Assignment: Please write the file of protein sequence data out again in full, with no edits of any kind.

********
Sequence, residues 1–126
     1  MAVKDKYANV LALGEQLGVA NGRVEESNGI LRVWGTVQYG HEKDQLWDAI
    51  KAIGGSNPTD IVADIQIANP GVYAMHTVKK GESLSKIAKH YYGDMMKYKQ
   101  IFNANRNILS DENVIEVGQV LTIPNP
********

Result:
Sequence, residues 1–126
     1  MAVKDKYANV LALGEQLGVA NGRVEESNGI LRVWGTVQYG HEKDQLWDAI
    51  KAIGGSNPTD IVADIQIANP GVYAMHTVKK GESLSKIAKH YYGDMMKYKQ
   101  IFNANRNILS DENVIEVGQV LTIPNP